Reconstructing Jackson by Holly Bush

Reconstructing Jackson by Holly Bush
Publisher:  BookBaby
Genre: Historical (Early American)
Length:  Full Length (166 pgs)
Heat: Spicy
Rated: 4 Stars
Reviewed by Poppy

1867 . . . Southern lawyer and Civil War veteran, Reed Jackson, returns to his family’s plantation in a wheelchair. His father deems him unfit, and deeds the Jackson holdings, including his intended bride, to a younger brother. Angry and bitter, Reed moves west to Fenton, Missouri, home to a cousin with a successful business, intending to start over.

Belle Richards, a dirt poor farm girl aching to learn how to read, cleans, cooks and holds together her family’s meager property. A violent brother and a drunken father plot to marry her off, and gain a new horse in the bargain. But Belle’s got other plans, and risks her life to reach them.

Reed is captivated by Belle from their first meeting, but wheelchair bound, is unable to protect her from violence. Bleak times will challenge Reed and Belle’s courage and dreams as they forge a new beginning from the ashes of war and ignorance.

If you’re looking for a story that will engage both your heart and your mind, Reconstructing Jackson may be just what you need.  Both edifying and touching, the story Ms. Bush has created is wholly satisfying.

Reed Jackson may not have started out as the most sympathetic of men.  He’s angry at the loss of his leg, and at having to start his life over. He’d expected to run his family’s plantation, marry a lovely Southern belle and live life as he always had.  But the loss of his leg changed everything.  His father changed the will, giving the estate to his younger brother, as well as his fiancee. His mother (a truly lovely woman) encouraged Reed to move west and start a new life with a cousin, Henry.

Belle Richards is as far from a Southern belle as once could imagine. Dirt poor, horribly abused by her family, and determined to learn how to read and create a better life for herself, she ends up in a whole pile of trouble.  You see, she’s learning to read from a “darkie” — a former slave — so it’s double the sin.  And her brother makes sure to share his opinion of her desires with his fists.

Reconstructing Jackson might not have been the light-hearted romance I typically choose, but I’m really glad I had a chance to experience this book.  I honestly don’t know that much about the Reconstruction following the Civil War, so this was an eye-opening reminder that things were incredibly difficult for nearly everyone.  Ms. Bush tosses a little of everything in:  a confederate, a few former slaves, rich folks, poor folks, working folks and so on.  We see things from many points-of-view (not technically — the book is only told from the hero and heroine’s POV) and I admit to struggling to understand some of them.  It’s hard to walk in the shoes of folks who have such closed minds, like Reed’s father or Belle’s brother Jed.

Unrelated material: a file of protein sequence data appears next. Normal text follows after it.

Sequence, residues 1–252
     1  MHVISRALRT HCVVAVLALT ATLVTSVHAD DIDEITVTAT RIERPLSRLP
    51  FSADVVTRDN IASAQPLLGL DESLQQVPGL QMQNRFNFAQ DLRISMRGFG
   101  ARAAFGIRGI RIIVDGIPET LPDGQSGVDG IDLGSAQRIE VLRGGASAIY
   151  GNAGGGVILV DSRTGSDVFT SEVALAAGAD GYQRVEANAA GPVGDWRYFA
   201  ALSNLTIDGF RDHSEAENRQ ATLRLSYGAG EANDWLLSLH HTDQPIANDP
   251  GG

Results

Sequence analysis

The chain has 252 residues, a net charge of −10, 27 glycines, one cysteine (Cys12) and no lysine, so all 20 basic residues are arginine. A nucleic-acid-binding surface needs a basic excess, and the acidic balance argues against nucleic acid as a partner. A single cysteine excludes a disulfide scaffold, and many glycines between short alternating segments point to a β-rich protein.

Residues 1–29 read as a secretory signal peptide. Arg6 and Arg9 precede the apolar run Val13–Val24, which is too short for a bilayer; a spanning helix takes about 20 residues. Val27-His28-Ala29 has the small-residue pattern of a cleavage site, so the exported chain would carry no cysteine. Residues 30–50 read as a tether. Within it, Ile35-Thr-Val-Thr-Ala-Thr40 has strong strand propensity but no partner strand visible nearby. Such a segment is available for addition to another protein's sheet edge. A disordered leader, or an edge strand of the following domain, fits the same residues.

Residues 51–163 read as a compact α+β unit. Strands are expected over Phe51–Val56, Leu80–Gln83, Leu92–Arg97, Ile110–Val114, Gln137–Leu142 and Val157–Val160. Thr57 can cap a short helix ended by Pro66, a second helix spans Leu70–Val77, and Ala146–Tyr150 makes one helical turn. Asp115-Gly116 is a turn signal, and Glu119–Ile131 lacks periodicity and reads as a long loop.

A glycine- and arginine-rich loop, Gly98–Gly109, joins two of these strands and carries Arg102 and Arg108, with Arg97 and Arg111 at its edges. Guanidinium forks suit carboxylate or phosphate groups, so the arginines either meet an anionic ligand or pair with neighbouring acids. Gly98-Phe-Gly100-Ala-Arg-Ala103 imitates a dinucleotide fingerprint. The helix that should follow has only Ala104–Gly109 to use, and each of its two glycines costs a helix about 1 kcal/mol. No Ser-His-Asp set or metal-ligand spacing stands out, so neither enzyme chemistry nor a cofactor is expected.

So, though this book may not be the fastest paced story, it’s exceptionally well written with a good, steady pace, interesting plot and well-constructed characters.  I was so involved with some of them, my heart broke in a few places.  Ms. Bush didn’t pussyfoot around about how things were back then, and it wasn’t always pleasant.

If you’re looking for a solidly written American historical romance, this is one I happily recommend to fans of the genre.


  1. Thank you for hosting

  2. Good morning Poppy! I’m so glad you enjoyed Reconstructing Jackson. Do we have many historical romance readers here today? If so, what is your favorite time period to read about?

  3. I usually tend to read more regency romance novels but it would be interesting to read a historical romance set in a more unique time period

    fencingromein at hotmail dot com

  4. Karen H in NC says:

    I’m a huge fan of historical romances. I love the Regency period best but I also enjoy American & English Victorian. One of my current favorite authors, Shirley Tallman, writes about a female attorney set in San Francisco in the 1890’s. Great books!

    In times past, the only historicals I would read were set in the Antebellum South and post-civil war American West. I still enjoy reading books set in those periods and I am opening up to early 20th century. Since Downton Abbey hit so big, more and more books set in this period are popping up. I’d love to see a book, or two, set in the 20’s in America.

    kareninnc at gmail dot com

  5. Rita Wray says:

    Sounds like a very interesting and emotional read.

  6. What a great review. This really sounds like a wonderful historical based novel.

  7. Karen, I’m a regency fan too and have always been a big Mary Balogh fan. Maggie Osbourne’s a favorite too. I’m going to have to take a look at Shirley Tallman’s books. That is a great premise.

    Shannon, I found this post Civil War period to be really interesting and of course there is a lot of external conflict for a H/H.


  8. My favorite time period would have to be the twenties. Flappers, speakeasies, gangsters and all that. So fun!

    andralynn7 AT gmail DOT com

  9. Chelsea B. says:

    I am enjoying so much reading about this novel. I can’t wait until I have the actual book in my hands. I’m so glad you enjoyed it!


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